There is a very wide variety of owls in Asia, with the region playing host to a large number of species. Additionally, several new species have been identified there in the last 20 years, including the Serendib scops owl in Sri Lanka and the Little Sumba hawk owl in Indonesia.
Owls have great cultural significance in Asia. In Japanese culture some owls are seen as divine messengers while others, particularly Barn or Horned owls, are viewed as demons. In India a white owl is considered a companion and a form of Laksmi, the goddess of wealth, and is therefore an omen of prosperity and good fortune. But owls can also represent wisdom or, paradoxically, foolishness.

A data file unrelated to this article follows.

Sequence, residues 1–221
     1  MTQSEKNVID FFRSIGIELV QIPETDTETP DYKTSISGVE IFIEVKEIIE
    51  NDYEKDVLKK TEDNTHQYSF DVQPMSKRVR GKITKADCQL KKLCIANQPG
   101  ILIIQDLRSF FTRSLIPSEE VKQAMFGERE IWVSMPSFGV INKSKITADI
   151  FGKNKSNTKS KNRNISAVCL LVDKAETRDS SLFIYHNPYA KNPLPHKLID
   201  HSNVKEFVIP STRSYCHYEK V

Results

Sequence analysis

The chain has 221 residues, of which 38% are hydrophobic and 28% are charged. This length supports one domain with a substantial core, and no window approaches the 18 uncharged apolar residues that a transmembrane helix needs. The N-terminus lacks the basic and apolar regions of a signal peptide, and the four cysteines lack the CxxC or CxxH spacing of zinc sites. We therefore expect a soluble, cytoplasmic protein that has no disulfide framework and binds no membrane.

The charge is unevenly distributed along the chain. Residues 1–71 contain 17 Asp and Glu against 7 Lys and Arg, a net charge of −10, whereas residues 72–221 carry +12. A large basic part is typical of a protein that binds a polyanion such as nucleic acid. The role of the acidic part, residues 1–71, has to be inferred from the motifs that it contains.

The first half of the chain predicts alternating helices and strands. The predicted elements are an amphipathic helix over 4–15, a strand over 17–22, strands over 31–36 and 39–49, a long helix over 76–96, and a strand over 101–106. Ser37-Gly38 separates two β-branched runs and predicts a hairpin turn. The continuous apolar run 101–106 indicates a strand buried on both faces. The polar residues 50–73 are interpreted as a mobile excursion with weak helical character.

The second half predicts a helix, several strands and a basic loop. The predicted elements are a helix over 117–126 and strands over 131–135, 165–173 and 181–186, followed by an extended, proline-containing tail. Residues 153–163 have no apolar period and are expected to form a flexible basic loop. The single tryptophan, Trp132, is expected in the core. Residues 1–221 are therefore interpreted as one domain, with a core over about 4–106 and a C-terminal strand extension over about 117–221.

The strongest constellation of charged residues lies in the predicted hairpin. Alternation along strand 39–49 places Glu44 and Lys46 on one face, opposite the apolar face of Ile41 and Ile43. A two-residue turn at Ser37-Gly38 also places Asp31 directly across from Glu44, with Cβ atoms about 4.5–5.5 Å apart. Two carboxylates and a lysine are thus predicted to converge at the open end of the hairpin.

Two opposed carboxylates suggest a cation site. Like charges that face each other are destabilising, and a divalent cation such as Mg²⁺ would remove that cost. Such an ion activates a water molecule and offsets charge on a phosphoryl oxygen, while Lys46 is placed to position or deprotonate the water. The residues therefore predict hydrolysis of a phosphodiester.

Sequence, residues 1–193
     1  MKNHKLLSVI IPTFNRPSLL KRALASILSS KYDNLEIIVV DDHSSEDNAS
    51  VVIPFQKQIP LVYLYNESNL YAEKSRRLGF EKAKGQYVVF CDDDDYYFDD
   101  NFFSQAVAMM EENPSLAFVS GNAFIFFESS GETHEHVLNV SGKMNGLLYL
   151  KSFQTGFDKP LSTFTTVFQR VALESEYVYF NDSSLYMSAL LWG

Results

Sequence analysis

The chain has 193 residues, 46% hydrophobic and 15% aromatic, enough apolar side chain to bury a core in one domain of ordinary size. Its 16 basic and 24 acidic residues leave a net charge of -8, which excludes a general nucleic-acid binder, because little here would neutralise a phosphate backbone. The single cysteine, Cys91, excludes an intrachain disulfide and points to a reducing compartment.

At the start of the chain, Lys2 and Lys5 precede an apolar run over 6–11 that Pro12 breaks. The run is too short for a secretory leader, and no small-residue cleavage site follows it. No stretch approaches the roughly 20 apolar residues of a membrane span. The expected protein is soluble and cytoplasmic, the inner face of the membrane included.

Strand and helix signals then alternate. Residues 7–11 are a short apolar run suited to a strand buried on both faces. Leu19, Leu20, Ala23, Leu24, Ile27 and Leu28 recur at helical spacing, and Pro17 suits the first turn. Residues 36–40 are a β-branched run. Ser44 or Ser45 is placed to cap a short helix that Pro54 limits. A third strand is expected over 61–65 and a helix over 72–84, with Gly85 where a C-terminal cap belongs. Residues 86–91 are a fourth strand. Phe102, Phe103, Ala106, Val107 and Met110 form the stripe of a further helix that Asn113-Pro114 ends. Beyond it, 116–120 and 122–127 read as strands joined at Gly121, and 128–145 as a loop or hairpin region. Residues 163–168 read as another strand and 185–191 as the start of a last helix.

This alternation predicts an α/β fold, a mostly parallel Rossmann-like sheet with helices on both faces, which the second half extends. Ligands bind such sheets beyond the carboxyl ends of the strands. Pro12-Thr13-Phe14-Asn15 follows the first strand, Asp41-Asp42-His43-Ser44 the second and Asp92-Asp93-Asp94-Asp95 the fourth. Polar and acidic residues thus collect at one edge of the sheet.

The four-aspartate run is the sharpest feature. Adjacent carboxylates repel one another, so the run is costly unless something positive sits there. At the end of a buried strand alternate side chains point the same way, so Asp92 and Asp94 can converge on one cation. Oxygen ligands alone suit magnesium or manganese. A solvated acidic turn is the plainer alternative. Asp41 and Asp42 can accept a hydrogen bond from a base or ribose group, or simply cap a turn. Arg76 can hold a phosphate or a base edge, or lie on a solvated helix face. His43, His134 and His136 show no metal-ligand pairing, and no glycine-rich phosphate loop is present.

In the Middle East owls have been connected with evil spirits for centuries and are still treated warily because of a perceived ferocity of appearance. In Malaysia, Singapore and Indonesia, owls are known as ‘ghost birds’.
Asian owls face many challenging conservation issues including habitat destruction from forest fragmentation, and a forestry technique called clearcutting, as well as ingestion of pesticides. The problem is compounded by an insufficient knowledge of owl populations to allow assessment of the impact of such issues on them.
Here are the Asian owls we have at the sanctuary: